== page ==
Amyotrophic Lateral Sclerosis (ALS), colloquially known as Lou Gehrig’s disease, is a devastating neurodegenerative disorder. ALS has proved fatal in all cases, and so cures and effective treatment has been a major priority of scientists and researchers of the disease. I’d like to use this post to bring attention to some breakthrough work that has been conducted by Harvard stem cell scientists, as reported in the Harvard Gazette.
The research focuses on unconventional ways of treating the disease. The Harvard researchers have reportedly found a “meaningful treatment”, and are currently working with Massachustets General Hospital to drum up an intitial clinical trial to test not only the effectiveness of this new treatment, but the safety of it as well. The scientists were sure to add a cuationary note to their work, noting that much more work had to be done before physicians could offer it to patients with ALS.
By now, I’m sure you’re wondering exactly what this new treatment is, or what it entails. Basically, it’s helpful to know a couple of facts about ALS- principally, that it’s caused by a variety of mutations across dozens of genes. This in itself can be hugely problematic for researchers looking to develop a treatment because a clinical trials done on mice often focus on just one of these many mutations. Though these mutations are technically different, one commonality they all share is the fact that they increase activity in motor neurons to abnormally high levels. This overactivity proves detrimental to neuronic health. Put simply, the heightened activity causes production of defective proteins, and the strain from excitability of the proteins puts them in a vulnerable and weakened state. In order to further understand this, the researches used neurons developed from the skin cells of several ALS patients, and then conducted trials to see how the overactive neurons reacted to medication and treatment for epilepsy. It turns out the the anti-epilepsy medication effectively decrease the hyperactivity of the motor neurons.There’s still a long way to go, but clinical trials are now being conducted to see if there are any side-effects in patients being treated with this medication.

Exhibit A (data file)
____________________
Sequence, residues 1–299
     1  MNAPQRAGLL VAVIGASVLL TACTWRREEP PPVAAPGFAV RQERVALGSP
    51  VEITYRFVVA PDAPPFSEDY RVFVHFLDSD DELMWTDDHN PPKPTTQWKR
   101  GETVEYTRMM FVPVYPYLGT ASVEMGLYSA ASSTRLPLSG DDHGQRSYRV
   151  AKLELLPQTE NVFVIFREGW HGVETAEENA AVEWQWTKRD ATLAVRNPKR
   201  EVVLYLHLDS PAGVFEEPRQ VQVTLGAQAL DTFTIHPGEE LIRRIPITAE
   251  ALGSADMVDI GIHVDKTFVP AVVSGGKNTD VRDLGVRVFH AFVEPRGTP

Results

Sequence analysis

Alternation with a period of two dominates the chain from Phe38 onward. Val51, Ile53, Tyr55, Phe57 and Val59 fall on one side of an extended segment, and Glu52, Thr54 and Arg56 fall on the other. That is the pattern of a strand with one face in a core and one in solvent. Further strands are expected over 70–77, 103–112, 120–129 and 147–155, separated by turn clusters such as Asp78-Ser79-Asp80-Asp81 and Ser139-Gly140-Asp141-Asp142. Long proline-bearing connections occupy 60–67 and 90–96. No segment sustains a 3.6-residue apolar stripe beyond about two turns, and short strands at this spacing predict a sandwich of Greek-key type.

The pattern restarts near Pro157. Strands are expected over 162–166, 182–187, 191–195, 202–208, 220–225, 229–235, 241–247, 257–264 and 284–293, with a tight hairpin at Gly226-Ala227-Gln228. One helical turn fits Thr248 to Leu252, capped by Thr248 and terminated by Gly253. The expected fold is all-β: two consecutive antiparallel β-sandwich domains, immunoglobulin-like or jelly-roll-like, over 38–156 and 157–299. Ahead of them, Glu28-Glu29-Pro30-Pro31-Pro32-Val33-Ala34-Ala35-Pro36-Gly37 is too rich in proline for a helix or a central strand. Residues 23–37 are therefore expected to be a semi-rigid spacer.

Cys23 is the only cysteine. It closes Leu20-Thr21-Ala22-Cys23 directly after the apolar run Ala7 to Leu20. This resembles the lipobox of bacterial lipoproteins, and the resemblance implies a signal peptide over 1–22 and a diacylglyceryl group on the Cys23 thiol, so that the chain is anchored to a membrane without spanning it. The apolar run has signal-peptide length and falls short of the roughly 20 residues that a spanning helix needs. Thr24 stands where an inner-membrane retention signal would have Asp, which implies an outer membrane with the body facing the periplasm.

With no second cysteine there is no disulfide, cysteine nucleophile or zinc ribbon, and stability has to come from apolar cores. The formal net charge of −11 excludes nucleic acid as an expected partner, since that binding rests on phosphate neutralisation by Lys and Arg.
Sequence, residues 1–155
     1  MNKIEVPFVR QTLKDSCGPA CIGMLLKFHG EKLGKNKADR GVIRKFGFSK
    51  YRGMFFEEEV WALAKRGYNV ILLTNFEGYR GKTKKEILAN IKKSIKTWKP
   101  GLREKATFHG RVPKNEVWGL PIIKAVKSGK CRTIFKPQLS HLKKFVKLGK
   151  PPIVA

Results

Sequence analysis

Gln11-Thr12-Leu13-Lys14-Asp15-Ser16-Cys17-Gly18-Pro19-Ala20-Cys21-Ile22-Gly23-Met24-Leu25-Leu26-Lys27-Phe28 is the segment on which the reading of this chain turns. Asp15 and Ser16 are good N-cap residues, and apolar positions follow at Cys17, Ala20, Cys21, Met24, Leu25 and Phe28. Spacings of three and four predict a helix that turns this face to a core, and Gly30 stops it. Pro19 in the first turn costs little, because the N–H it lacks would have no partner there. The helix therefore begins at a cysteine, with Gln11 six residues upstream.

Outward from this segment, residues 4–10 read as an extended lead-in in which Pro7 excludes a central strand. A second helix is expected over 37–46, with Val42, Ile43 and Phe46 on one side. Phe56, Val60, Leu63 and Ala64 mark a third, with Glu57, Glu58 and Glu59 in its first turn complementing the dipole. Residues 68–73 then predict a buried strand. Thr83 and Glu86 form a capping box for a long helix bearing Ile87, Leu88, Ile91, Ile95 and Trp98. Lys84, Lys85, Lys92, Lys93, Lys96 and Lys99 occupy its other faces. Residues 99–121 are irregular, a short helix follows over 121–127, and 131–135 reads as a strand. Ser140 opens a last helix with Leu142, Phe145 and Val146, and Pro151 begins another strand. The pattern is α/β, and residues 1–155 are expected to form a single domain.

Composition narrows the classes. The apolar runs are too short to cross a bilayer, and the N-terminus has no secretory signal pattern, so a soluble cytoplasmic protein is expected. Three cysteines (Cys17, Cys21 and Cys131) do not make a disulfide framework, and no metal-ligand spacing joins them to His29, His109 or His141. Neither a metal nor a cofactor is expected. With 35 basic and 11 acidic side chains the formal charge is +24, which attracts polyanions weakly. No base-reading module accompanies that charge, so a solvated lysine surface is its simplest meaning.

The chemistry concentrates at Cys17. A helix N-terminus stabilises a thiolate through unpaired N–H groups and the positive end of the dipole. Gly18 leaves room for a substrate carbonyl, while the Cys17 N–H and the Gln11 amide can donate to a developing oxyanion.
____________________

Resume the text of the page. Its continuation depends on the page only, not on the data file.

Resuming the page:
This does look pretty good, especially considering the time and financial resources that must go into researching diseases like this. And that brings us to even more good news.
This research out of Harvard is freshly on the heels of news of some great fundraising for the ALS Society. Only a week a ago, local news broadcasting station WAVE3 reported that Heaven Hill Distillers donated over $400,000 to the Louisville, Kentucky Chapter of the ALS. This is a record-setting corporate donation, and the funds have been raised via the sale of a bourbon called “Parker’s Heritage”. The spirit is named after founder Parker Beam, who has ALS. Oh, and the goal was $250,000. They raised over $200,000 in extra funds.
Another successful fundraising campaign comes from the organizers of LiveLikeLou.org. The site launched about two years ago, with a fundraising goal of $40,000. The Pittsburgh Gazette reports that the site recently held a fundraiser that brought in $140,000- bringing the total funds raised to over $800,000. Good work!